UK prices hit an M4 roadblock

In the UK, the M4 is a highway that joins London and Wales. It is also a measure of broad money supply.

Our Quantity Theory of Money (hyperlink) article pointed out the relationship between money stock (or supply) and the prices of goods and services in an economy. The relationship can be patchy but, in general, more money in an economy equals higher prices and less money equals lower prices.

The UK M4 statistics for June, released on 31 July, showed a 0.2% month-on-month drop which followed a drop of 0.1% the previous month. In year-on-year terms, M4 growth slowed to 5.3%, down from a high of 8.2% in April. The large contraction in M4 is mainly due to drops in wholesale deposits that the private sector has with financial institutions – perhaps an early warning of a dash for cash developing.

UK M4 Money Supply YoY 1

But it is the relationship between M4 and the UK Retail Price Index (RPI) which is illuminating. The RPI is the UK’s measure of increasing and decreasing prices (what just about everybody wrongly refers to as inflation and deflation), and it has been increasing in the last couple of years, up from 0.7% year-on-year in October 2015 to 3.5% in June 2017. Most people refer to this increase in prices as “reflation”. This is wrong. Prices do not inflate or deflate – they increase and decrease. It is the supply of money and credit in an economy that inflates and deflates.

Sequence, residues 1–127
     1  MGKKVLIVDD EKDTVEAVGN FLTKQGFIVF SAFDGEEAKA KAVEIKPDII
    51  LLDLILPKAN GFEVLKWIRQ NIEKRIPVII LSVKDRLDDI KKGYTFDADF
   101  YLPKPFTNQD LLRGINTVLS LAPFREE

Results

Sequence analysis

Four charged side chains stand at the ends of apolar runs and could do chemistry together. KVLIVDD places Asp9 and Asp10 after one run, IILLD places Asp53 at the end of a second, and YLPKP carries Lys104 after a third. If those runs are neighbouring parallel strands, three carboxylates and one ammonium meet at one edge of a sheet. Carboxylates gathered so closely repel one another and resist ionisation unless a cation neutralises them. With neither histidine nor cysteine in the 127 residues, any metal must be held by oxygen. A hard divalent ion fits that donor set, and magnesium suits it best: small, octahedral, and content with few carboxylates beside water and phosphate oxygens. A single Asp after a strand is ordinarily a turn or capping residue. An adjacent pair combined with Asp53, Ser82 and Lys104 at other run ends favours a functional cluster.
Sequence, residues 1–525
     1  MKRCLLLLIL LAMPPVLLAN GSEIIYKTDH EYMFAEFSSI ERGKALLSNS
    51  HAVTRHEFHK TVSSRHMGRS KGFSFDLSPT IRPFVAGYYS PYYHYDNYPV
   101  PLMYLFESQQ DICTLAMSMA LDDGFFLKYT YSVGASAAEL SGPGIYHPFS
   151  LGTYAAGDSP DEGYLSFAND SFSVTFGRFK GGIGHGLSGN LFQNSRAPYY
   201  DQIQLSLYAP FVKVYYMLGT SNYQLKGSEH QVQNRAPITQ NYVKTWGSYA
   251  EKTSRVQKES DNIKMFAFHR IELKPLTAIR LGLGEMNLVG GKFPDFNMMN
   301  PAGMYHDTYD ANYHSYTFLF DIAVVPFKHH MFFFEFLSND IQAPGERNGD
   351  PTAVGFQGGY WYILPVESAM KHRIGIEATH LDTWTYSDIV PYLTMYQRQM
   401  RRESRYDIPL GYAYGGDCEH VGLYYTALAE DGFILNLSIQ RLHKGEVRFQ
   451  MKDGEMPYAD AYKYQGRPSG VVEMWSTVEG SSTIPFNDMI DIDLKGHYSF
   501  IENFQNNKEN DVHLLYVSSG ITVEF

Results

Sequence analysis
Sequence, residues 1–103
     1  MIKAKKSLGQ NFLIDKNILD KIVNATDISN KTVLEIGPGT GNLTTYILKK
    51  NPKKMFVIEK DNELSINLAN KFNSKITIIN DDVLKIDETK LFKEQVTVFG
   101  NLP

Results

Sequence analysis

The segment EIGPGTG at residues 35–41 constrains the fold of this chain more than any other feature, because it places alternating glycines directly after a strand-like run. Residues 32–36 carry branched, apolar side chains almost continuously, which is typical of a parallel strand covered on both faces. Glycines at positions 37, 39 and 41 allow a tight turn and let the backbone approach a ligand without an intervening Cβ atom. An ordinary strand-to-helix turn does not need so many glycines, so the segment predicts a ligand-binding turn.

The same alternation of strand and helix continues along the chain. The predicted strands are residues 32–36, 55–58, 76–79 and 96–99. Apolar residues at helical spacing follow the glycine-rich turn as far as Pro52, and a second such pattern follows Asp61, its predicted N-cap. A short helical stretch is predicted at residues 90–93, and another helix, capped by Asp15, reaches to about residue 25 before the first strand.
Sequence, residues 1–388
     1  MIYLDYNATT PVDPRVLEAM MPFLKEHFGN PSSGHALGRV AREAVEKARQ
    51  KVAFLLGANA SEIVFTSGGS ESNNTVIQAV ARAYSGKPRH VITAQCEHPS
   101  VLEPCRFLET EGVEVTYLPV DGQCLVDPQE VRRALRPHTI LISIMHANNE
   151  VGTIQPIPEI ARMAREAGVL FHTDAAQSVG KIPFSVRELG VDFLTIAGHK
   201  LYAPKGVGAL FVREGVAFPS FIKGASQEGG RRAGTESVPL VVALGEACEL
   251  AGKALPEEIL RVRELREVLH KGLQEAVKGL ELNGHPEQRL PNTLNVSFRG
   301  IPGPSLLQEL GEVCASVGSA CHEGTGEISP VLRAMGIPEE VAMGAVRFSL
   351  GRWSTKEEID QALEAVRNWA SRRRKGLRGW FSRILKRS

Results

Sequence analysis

As our chart below clearly shows, the increase in RPI which started in October 2015 occurred only after the deflation of M4 had bottomed out and M4 was recovering (deflating at a slower rate) from February 2015.

In fact, if we exclude the Global Financial Crisis (GFC) period – admittedly not ideal but it was an extraordinary couple of years in monetary economics – we can see that there is a fairly strong positive correlation between M4 money supply and RPI. Disinflation (inflating at a slower rate) in M4 led a slowdown in RPI growth in the early 1990s, at the end of the 1990s and notice how M4’s disinflation accelerated in the first half of 2008 before the GFC tornado hit the ground.

We now wonder whether the big drop in M4 growth in recent months will lead a drop in UK retail prices. That would cause a re-evaluation by the Bank of England who are currently erring on the hawkish side.

Funnily enough, the M4 highway ends in Wales about a kilometer away from Ebenezer Road. Like Charles Dickens’ famous character Ebenezer Scrooge, the M4 money supply could be warning of frugal times ahead in the UK.